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Is Crime Prevention Wasteful? Should It Be Taxed?

November 22, 2005

If you protect your property from thieves, are you part of the problem rather than the solution? The answer might seem obvious, but Steve Landsburg's 1997 article on Slate stirs the pot. He makes some specific claims regarding theft prevention devices. Some theft prevention devices deter criminals only from preying on the person who employs them, causing them to move on to other victims. If this merely alters the composition of victims without reducing their total number, he says, then the expenditure on theft prevention devices is socially wasteful.

For example, if a criminal avoids my property because I have a visible security system (e.g., a steering wheel Club) then I am imposing an externality on the person whom he victimizes in my place. Yet if I use some invisible device that imposes costs on criminals (e.g., a LoJack), this provides a positive externality by deterring crime for everyone, except for myself. Socially wasteful devices that shift the incidence of crime should be taxed, he says, and socially productive devices that reduce the total amount of crime should be subsidized.

There are three general problems with this argument. First, its internal logic is faulty. In order for taxation and subsidization of crime prevention devices to result in higher "social welfare" the political process by which taxes and subsidies get established must be efficient. If people can bargain over public policies at zero cost, then we can arrive at efficient subsidies and taxes without any social waste from politics.

In reality, political activism consumes time and various goods — both of which could be put to making consumer goods and services. There is a real cost to creating efficient taxes and subsidies. Also, taxes and subsidies may be used to transfer income from the politically weak to the politically influential. The fiscal powers of government can and often are used to transfer income rather than for optimal social policy.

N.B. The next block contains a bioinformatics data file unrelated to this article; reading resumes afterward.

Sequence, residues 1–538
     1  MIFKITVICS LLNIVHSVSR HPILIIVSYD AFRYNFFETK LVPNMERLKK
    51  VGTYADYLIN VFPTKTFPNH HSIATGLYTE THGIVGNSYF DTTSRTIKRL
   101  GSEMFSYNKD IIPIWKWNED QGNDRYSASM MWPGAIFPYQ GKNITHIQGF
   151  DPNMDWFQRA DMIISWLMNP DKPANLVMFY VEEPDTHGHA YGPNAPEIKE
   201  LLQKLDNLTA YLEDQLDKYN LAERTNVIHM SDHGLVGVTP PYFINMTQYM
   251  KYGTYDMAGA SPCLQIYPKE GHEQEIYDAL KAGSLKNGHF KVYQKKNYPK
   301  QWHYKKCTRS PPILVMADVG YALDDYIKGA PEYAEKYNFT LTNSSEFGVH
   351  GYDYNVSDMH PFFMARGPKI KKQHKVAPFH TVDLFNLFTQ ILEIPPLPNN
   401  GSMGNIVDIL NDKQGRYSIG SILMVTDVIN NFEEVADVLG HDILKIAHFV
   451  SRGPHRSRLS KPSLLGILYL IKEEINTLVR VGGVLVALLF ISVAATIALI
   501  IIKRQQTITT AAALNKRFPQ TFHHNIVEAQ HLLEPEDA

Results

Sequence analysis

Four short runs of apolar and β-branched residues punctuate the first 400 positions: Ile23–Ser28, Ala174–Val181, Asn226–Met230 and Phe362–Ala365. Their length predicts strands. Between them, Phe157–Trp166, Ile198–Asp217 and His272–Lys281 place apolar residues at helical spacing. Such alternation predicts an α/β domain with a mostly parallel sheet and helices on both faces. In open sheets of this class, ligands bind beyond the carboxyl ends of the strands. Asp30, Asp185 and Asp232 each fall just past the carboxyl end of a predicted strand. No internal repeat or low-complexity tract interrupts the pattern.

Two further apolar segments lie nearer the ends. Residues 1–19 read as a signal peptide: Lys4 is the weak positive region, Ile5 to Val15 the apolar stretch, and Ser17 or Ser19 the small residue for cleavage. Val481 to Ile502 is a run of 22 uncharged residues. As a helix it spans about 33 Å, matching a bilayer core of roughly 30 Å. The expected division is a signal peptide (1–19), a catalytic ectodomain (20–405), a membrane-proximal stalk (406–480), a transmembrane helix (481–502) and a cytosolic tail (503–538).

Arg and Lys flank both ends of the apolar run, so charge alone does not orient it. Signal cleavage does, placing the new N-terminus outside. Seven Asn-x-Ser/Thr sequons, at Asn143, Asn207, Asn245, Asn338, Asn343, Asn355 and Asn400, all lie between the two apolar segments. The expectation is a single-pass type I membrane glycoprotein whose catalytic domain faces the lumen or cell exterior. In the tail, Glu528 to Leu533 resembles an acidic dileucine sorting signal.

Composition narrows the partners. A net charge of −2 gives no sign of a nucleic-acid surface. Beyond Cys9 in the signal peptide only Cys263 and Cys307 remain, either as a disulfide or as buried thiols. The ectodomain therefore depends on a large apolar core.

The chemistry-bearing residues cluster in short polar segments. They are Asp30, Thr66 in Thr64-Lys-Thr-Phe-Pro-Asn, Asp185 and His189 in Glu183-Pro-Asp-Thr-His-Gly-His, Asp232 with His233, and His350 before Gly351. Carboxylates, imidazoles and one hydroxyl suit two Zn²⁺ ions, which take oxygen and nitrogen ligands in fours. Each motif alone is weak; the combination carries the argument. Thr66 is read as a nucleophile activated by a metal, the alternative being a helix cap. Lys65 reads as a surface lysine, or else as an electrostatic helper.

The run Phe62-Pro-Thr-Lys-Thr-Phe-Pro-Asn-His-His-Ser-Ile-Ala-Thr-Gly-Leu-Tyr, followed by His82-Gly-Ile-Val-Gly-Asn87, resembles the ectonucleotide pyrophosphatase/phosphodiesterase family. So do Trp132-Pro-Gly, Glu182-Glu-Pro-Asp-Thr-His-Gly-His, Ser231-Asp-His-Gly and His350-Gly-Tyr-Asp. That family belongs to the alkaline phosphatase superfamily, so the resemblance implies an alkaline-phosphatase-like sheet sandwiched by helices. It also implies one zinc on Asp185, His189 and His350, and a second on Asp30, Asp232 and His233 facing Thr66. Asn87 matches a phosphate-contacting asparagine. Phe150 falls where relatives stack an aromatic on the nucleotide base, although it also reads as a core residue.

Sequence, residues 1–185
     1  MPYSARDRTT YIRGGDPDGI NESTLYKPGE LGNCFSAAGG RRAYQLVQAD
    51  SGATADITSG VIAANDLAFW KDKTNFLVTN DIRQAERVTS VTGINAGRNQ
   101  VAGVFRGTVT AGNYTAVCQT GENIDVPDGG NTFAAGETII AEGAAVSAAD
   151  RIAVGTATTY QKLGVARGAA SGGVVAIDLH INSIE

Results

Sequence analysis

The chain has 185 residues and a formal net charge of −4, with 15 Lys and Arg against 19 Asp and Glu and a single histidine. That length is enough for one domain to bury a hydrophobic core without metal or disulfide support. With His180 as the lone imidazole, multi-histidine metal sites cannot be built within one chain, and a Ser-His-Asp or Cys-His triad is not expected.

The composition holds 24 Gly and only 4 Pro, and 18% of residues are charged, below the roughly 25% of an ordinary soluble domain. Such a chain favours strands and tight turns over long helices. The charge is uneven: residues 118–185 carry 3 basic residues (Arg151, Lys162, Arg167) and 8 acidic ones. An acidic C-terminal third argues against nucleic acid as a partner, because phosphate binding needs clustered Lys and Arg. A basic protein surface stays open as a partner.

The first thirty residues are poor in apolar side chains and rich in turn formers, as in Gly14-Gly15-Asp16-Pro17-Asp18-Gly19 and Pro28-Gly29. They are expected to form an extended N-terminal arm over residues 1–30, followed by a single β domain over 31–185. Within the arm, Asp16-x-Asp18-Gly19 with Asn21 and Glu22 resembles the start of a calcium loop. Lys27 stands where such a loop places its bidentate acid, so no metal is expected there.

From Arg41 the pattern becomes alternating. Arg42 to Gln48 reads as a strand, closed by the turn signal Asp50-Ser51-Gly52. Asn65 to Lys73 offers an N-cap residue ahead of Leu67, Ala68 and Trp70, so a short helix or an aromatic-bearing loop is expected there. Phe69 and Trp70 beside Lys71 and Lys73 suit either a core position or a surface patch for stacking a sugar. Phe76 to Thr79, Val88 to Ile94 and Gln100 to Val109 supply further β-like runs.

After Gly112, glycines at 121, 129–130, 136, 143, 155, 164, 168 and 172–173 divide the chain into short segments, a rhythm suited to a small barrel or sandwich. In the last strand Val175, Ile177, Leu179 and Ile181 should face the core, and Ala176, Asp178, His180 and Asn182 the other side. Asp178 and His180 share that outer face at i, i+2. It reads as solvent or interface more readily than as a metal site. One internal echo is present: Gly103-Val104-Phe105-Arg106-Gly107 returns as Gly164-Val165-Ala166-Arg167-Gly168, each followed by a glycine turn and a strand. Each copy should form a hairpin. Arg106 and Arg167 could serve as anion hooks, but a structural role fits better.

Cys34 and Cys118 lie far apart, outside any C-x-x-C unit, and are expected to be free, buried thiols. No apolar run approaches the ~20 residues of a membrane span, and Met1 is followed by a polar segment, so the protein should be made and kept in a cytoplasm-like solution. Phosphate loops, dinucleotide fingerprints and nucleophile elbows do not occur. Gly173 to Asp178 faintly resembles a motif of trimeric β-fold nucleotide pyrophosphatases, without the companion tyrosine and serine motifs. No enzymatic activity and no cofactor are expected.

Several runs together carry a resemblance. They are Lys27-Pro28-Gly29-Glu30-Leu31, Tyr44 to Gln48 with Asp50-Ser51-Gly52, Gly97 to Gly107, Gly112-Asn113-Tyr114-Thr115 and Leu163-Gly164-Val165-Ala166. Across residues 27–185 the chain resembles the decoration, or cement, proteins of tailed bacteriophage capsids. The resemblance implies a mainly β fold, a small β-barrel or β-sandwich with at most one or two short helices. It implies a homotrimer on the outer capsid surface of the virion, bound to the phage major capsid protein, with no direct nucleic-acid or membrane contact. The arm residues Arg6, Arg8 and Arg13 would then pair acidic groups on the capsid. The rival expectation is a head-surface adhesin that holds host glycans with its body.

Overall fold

Such use of governmental powers is in fact a kind of theft. If I use the government to take some of your income, simply because I have the power to do so, this is really no different than a situation where I used my ability to pick your pocket or crack your safe to gain at your expense.

Landsburg has committed the Nirvana Fallacy. The idea that subsidies and taxes necessarily lead to economic efficiency derives from a false comparison between an imperfect private sector and a perfect public sector. If my security system causes criminals to attack my neighbor, he could lobby the government for corrective taxes and subsidies, or he could negotiate some agreement with me. (Or he could just buy himself a security system!)

The cost of negotiation could make a contract between us impossible. Costless bargaining with politicians would solve the "problem," but politics is not costless. In fact, the imperfections of the public sector can easily outweigh the imperfections of the private sector. They often do.

Also, externalities do not necessarily matter. Externalities only matter if they are relevant at the margin of production. It could be that the people who buy LoJacks for their cars already provide enough "positive externalities" to cover the social benefits. The conclusions of his article are unfounded.

Second, Landsburg aims at improving "social welfare." While there is nothing wrong with the intention of making the world better for all, there are serious problems with knowing when you have done so. It is quite certain that some theft devices merely shift the incidence of crime. Knowing when this is the case is rather difficult. Landsburg admits this.